Those Are Some Very Baby Potatoes

I just thought I update you on how my ‘potatoes grown in straw‘ experiment is going.

Right now, my Red Norland potatoes that I planted on May 19th are just beginning to bloom. That would be eight weeks from planting. (This, by the way, is a crucial time to keep your potatoes regularly watered to get large, scab-free potatoes – read more about that in this article.)

Potato Flower

One cool thing about this style of growing potatoes is that you can easily check on the progress of the tubers forming underground (or rather, understraw). I was curious to know just how big my little potatoes were at this point, so I carefully pulled away the straw at the base of the plant. And lo, and behold…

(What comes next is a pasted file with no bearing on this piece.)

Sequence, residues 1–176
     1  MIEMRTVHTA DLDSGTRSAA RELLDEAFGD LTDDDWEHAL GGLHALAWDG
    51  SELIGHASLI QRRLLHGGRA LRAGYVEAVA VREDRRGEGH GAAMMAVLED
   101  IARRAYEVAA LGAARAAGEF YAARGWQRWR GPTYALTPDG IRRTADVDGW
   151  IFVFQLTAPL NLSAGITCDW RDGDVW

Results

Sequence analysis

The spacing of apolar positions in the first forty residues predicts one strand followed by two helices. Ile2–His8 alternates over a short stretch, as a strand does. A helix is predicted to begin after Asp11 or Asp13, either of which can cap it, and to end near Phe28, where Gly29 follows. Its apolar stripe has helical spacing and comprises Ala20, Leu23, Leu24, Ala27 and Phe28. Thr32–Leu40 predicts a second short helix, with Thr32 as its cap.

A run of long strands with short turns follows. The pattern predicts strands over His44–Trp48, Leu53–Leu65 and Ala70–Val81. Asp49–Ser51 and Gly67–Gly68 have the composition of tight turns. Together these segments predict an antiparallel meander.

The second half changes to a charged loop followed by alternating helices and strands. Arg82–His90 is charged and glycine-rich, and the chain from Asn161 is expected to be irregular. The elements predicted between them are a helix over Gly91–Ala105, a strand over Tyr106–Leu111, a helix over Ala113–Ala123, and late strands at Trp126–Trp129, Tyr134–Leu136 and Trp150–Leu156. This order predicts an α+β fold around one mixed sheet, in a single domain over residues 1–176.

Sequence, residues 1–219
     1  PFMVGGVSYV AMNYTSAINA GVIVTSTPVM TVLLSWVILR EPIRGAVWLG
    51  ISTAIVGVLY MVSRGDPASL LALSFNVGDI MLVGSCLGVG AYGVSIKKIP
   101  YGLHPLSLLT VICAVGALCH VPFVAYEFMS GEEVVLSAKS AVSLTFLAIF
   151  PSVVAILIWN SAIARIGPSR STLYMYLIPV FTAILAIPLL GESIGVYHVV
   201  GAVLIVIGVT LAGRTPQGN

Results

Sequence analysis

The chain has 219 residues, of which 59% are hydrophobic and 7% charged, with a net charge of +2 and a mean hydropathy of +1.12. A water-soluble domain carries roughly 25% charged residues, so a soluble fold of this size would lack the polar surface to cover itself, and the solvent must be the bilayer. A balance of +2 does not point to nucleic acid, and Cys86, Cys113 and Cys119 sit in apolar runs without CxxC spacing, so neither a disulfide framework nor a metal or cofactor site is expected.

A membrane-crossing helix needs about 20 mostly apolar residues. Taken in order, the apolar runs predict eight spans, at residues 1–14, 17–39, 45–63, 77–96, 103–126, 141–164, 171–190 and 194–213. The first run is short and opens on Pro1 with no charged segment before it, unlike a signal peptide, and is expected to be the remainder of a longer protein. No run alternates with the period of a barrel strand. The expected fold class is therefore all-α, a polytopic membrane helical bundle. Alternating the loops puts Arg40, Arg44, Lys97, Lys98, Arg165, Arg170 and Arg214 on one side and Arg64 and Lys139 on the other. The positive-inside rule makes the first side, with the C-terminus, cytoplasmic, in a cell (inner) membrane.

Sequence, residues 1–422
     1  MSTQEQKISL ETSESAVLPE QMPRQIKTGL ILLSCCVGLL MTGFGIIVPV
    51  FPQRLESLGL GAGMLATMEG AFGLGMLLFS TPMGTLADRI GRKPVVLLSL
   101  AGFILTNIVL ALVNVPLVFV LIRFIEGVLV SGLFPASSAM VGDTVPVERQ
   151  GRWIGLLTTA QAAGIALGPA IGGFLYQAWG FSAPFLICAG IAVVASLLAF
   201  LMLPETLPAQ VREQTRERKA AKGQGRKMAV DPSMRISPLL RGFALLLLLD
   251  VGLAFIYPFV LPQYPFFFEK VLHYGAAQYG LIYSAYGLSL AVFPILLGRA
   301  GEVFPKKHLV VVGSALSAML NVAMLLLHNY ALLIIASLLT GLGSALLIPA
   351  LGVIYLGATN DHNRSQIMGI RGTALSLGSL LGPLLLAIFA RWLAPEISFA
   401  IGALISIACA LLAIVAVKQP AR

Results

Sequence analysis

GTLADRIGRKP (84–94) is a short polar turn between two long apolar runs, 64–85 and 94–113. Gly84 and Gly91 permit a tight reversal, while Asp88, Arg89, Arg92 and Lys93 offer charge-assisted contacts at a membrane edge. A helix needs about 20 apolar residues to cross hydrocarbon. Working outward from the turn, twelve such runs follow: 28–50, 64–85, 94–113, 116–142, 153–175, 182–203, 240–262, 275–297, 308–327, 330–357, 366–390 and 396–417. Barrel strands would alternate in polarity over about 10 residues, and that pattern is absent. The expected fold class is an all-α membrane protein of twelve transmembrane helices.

Very baby Potato

There it was. A tiny little potato not much bigger than a large pea.

So I learned/confirmed a few things today.

#1. Flowers on plants = formation of little spuds

#2. Potatoes grown in straw are going to be wonderfully clean

#3. I won’t be eating baby potatoes for at least a couple of weeks.

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3 Responses to Those Are Some Very Baby Potatoes

  1. […] been wrong before – and I’ll be wrong again. Just last week I wrote a post regarding baby potatoes. I had dug around gently in my straw looking for some potatoes, but only found a little pea-sized […]

  2. Nancy Baird says:

    How do you keep baby potatoes–& how long can you keep them–after you buy them?

    • Dave says:

      That’s a great question. I usually plant mine right after I buy them, so I couldn’t really say. However, I would guess if you keep them cool and dark just like regular potatoes they should keep for several weeks.

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